Interview Advice For Indian Applicants: How To Get Into Top MBA Programs

Rajesh was thrilled when he received an interview invitation from Wharton, his dream MBA program. He had worked hard on his application, scoring a 760 on the GMAT, writing compelling essays, and getting glowing recommendations. He was confident that he had what it took to get into the top business school.

However, he made a fatal mistake: he underestimated the importance of the MBA interview. He did not prepare well for the interview, thinking that his credentials and achievements would speak for themselves.

He did not research the program or the interviewer, he did not practice answering common or situational questions, and he did not pay attention to his body language or tone. He also did not consider how his cultural background and communication style might affect his interview performance. As a result, he bombed his MBA interview. He came across as arrogant, unprepared, and unfit for the program. He failed to impress the interviewer and lost his chance of getting into Booth.


Don’t let this happen to you. If you are an Indian applicant who has received an interview invitation from a top MBA program, congratulations! You have cleared the first hurdle in the admission process and are one step closer to your dream business school. However, you also face a tough competition and high expectations from the interviewers, who will evaluate your fit, potential, and motivation for the program.

As a seasoned admissions consultant, I’ve worked with numerous Indian candidates like Rajesh, helping them unlock their full potential and secure their place at prestigious MBA programs. Through my years of experience, I’ve developed a treasure trove of unconventional interview advice that specifically caters to the nuances of Indian applicants. To be honest, a lot of this advice may also be applicant to other (non-Indian) applicants, but most of it is targeted towards recurring themes I’ve seen in Indian applicants.

In this article, we’ll unveil these hidden gems, empowering you with the insights you need to transform your interview experience and rise above the competition.


India’s rich and diverse culture offers a unique opportunity for you to distinguish yourself from other candidates during the MBA interview. Emphasizing the distinctiveness of your cultural experiences will enable you to showcase your valuable insights and perspectives that can contribute to the global MBA community.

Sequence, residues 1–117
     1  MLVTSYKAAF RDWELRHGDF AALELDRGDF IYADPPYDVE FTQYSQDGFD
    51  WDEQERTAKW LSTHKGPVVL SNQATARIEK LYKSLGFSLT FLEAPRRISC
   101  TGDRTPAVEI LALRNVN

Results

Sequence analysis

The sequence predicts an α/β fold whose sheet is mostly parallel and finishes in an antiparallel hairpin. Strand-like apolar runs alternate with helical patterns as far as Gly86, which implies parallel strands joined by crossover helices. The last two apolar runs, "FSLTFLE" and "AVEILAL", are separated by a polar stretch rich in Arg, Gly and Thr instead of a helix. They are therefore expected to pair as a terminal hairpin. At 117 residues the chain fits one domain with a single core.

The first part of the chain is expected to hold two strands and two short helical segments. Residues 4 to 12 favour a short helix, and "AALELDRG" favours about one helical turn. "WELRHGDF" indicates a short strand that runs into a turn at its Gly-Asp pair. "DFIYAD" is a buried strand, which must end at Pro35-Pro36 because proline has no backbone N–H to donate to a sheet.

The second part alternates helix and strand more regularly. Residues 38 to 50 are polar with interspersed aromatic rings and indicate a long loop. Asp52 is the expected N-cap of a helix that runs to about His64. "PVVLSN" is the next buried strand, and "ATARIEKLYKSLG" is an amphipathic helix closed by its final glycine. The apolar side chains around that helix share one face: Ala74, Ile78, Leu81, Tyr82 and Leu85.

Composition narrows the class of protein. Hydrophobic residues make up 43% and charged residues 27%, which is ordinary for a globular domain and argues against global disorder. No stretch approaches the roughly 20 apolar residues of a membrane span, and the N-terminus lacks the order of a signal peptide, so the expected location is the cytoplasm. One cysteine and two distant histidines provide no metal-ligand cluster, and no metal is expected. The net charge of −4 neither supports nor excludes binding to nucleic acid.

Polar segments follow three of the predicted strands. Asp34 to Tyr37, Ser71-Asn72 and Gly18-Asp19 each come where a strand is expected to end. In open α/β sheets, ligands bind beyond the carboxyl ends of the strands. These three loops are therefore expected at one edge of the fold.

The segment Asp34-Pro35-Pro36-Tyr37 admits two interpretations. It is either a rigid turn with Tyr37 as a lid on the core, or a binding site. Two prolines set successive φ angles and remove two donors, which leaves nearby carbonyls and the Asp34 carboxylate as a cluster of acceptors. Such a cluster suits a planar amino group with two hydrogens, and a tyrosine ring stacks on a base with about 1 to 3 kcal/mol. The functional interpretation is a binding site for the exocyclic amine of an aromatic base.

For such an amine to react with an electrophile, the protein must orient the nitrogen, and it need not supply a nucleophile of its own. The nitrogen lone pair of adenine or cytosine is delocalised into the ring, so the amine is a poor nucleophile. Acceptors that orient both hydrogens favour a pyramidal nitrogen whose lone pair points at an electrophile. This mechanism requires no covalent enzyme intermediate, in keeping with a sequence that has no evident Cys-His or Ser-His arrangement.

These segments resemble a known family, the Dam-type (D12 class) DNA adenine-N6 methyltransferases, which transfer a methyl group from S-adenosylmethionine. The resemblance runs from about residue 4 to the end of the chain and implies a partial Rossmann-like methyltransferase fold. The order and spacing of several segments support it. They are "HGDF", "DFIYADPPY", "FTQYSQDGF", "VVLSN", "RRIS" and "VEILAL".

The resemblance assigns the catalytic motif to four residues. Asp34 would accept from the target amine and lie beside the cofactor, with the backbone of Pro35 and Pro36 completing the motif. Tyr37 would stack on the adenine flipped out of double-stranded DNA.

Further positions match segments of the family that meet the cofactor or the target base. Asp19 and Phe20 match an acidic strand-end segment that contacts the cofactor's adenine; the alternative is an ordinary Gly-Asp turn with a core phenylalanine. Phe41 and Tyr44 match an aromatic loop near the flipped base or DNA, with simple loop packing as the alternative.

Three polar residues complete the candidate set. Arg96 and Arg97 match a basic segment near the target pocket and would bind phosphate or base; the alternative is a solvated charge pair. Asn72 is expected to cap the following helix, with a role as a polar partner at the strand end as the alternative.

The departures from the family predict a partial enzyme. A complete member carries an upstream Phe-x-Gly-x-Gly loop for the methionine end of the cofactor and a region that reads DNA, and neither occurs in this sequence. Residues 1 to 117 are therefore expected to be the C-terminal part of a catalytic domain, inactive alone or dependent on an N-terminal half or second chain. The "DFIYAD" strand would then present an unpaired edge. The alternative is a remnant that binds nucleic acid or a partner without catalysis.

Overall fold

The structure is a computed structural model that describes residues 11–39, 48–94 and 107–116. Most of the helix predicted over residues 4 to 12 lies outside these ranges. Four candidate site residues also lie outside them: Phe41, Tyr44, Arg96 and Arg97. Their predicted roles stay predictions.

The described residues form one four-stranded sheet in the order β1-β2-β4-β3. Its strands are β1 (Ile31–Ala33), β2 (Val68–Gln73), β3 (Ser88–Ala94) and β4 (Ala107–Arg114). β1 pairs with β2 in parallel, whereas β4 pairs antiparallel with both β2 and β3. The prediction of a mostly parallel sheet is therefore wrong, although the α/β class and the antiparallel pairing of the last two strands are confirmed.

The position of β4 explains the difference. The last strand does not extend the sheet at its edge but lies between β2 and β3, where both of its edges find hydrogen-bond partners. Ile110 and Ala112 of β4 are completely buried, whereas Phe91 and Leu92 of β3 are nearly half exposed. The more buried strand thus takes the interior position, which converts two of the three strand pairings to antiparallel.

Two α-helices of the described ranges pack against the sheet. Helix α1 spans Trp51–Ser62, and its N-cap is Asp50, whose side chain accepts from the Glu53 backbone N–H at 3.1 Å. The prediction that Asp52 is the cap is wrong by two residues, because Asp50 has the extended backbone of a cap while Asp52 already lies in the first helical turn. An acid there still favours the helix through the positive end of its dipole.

For instance, consider the case of Anjali, who grew up in a multicultural environment in India, speaking multiple languages and celebrating various traditions. She emphasized how this exposure allowed her to develop exceptional communication skills and adaptability, enabling her to connect with people from different backgrounds easily. By sharing her experience of organizing a community event that brought together people from diverse ethnicities, Anjali demonstrated her ability to foster inclusion and bridge cultural gaps.

Another applicant, Arvind, grew up in a rural part of India where access to quality education was limited. He channeled his passion for education into launching a non-profit organization that provided tutoring and mentorship to underprivileged students in his village. Arvind’s story showcased his resilience, resourcefulness, and dedication to making a difference in his community, qualities that would add value to any MBA program.

In each of these examples, the candidates embraced their unique cultural experiences, showcasing how they have shaped their personal and professional growth. By doing so, they not only presented a fresh perspective but also highlighted the value they could bring to the diverse MBA community. Remember, the key is to avoid cultural clichés and focus on the authentic aspects of your background that have influenced your strengths, values, and aspirations.


Effective communication is crucial during MBA interviews, and Indian applicants may face unique challenges due to certain linguistic nuances. Mastering clear and concise communication skills while addressing common Indian speech patterns and expressions can significantly improve your interview performance and make your ideas more accessible to a global audience.